A: Usually not. In most cases, exercise does more good than harm to joints.
Have you got creaky knees or achey hips? Do you grimace every time you have to climb a set of stairs?
Everyday movements can become a chore when the cartilage in your joints starts to break down, making them stiff and sore.
Sore joints are the hallmark of the condition known as osteoarthritis. And since it's increasingly common as we age, it's easy to assume a lifetime of activity is to blame.
But is this really the case? With every movement our limbs make, are we literally wearing our joints away?
No, says Sydney arthritis expert, Professor Patrick McNeil.
Plenty of older people who've been active all their lives never develop osteoarthritis, he points out.
And the idea our joints are like car tyres or light bulbs with a limited number of "uses" before their lifetime expires is simply untrue, McNeil says.
"I think it's a myth to make the general statement that exercise is bad for your joints or actually wears your joints out. There's no evidence for that."
Injuries and arthritis
But the relationship between exercise and cartilage loss is complex. For most people, exercise helps joints stay healthy. But in some instances, it could be harmful, McNeil says.
When the alignment of a joint is incorrect – perhaps because of weakened muscles or because you were born with unusually shaped joints – it's feasible movement might have some role in wearing cartilage away. But a person may also need to have a genetic predisposition for this to happen.
"You could be born with cartilage that will last, no matter what you do to it. Or you could be born with cartilage that's less durable."
And even if your joints are perfectly aligned, this can change after an injury.
Sports that expose joints to extreme forces, making injuries more likely, are known to raise the odds of joint trouble down the track.
For instance tears to the anterior cruciate ligament (ACL) – a major ligament in the knee – carry a 70 per cent risk of osteoarthritis within 10 to 15 years.
Even when the ligament is surgically repaired, the initial injury changes the stability of the knee permanently, so that over time it's more likely cartilage will break down.
The top three most risky sports for ACL injury are soccer, Australian football ("Aussie Rules") and netball.
Fortunately, exercises that strengthen key muscles around joints can reduce the risk of ACL tears and other injuries that predispose to arthritis by as much as 60 per cent. (For more info on these exercises read: Fighting sporty kids' arthritis risk.)
It's also worth noting that the processes leading to cartilage loss may be different in different parts of the body.
Osteoarthritis of the hands for instance seems to have a very strong genetic basis.
"Exercise doesn't seem to be relevant at all to osteoarthritis of the hands," McNeil says. "If use was a factor, you'd expect right-handed people to have more arthritis in their right hand than in their left. But that isn't the case.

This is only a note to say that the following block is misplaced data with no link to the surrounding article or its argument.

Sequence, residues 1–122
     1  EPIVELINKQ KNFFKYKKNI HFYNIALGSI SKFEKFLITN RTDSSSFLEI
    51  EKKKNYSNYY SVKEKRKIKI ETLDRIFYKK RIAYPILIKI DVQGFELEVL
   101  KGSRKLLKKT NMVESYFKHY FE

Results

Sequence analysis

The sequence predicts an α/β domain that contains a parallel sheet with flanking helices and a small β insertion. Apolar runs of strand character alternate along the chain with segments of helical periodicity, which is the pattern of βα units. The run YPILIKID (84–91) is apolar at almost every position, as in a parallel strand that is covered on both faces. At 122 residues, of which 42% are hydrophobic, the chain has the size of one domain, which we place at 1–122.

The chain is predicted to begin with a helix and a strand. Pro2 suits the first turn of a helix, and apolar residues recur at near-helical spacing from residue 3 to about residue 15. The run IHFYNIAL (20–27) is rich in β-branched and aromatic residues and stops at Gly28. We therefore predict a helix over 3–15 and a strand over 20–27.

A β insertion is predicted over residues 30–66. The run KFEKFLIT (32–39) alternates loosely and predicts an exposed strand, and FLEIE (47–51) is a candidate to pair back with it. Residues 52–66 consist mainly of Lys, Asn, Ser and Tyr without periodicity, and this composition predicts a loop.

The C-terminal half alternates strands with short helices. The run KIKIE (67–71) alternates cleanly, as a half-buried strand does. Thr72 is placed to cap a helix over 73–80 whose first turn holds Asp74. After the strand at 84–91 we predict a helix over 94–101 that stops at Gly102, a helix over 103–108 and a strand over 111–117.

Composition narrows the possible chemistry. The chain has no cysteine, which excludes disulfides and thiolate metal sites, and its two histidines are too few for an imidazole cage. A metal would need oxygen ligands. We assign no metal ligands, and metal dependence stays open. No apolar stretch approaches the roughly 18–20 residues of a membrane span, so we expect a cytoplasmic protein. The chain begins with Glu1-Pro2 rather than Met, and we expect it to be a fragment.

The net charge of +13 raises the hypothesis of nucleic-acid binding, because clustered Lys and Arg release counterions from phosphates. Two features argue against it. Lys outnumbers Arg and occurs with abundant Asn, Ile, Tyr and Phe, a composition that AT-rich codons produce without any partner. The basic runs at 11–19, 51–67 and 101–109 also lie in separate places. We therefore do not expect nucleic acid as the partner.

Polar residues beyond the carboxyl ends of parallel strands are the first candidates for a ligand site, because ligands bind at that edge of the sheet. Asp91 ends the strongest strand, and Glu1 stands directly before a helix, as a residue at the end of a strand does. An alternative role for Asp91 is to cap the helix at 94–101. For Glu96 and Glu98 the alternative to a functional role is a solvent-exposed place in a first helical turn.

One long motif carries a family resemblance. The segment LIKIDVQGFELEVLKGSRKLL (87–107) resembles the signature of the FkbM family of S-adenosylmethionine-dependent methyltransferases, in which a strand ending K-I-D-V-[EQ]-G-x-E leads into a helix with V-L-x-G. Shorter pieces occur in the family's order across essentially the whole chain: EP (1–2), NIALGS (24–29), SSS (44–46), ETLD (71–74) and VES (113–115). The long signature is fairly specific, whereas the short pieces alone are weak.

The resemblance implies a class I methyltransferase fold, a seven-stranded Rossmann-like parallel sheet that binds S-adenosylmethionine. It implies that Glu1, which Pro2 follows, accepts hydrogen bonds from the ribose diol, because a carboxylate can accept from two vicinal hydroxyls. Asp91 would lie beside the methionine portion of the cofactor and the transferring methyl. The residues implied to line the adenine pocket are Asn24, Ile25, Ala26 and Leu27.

"We still don't understand all the triggers."
More to gain than to lose
The bottom line is that the evidence so far doesn't suggest a strong connection between simple repetitive use of a joint and the development of osteoarthritis.
So if your joints aren't bothered by the exercise you're doing, it's unlikely you're doing them harm, McNeil says.
But if you have already been diagnosed with joint damage, or have pain that suggests it, it's possible the wrong sort of exercise could make your arthritis worse.
"If you have osteoarthritis in weight-bearing joints such as the hips, knees and lower spine for instance, high impact exercise like running can certainly aggravate symptoms and it's probable it might accelerate progression [of the damage to the joints], although I think that's still an open question," McNeil says.
"In those cases, I'd probably recommend a lower impact exercise such as swimming or bike riding that puts less stress on the affected joints."
However, stopping exercise altogether isn't recommended; it's actually one of the best treatments for arthritis, McNeil says.
Cartilage is living tissue but it does not have arteries that deliver blood. Instead it relies on movement of the joint to create a pumping action that circulates fluid containing oxygen and nutrients.
· decreases pain.
· helps maintain the mobility and flexibility of joints.
· improves muscle strength, which can help hold joints in their correct alignment, taking pressure off sore spots.
The other very important benefit of exercise is that it helps you maintain a healthy weight. Excess weight increases the risk of osteoarthritis by placing stress on joints (and possibly by inducing chemical changes in the body as well).
And of course exercise has proven and very significant general health benefits for everyone – whether they've got existing joint troubles or not.
"It's much better to be physically active than to hold back because of your joints," says McNeil.
Professor Patrick McNeil is a rheumatologist and the president of Arthritis Australia. He spoke to Cathy Johnson of the Australian Broadcasting Corporation in June 12, 2012.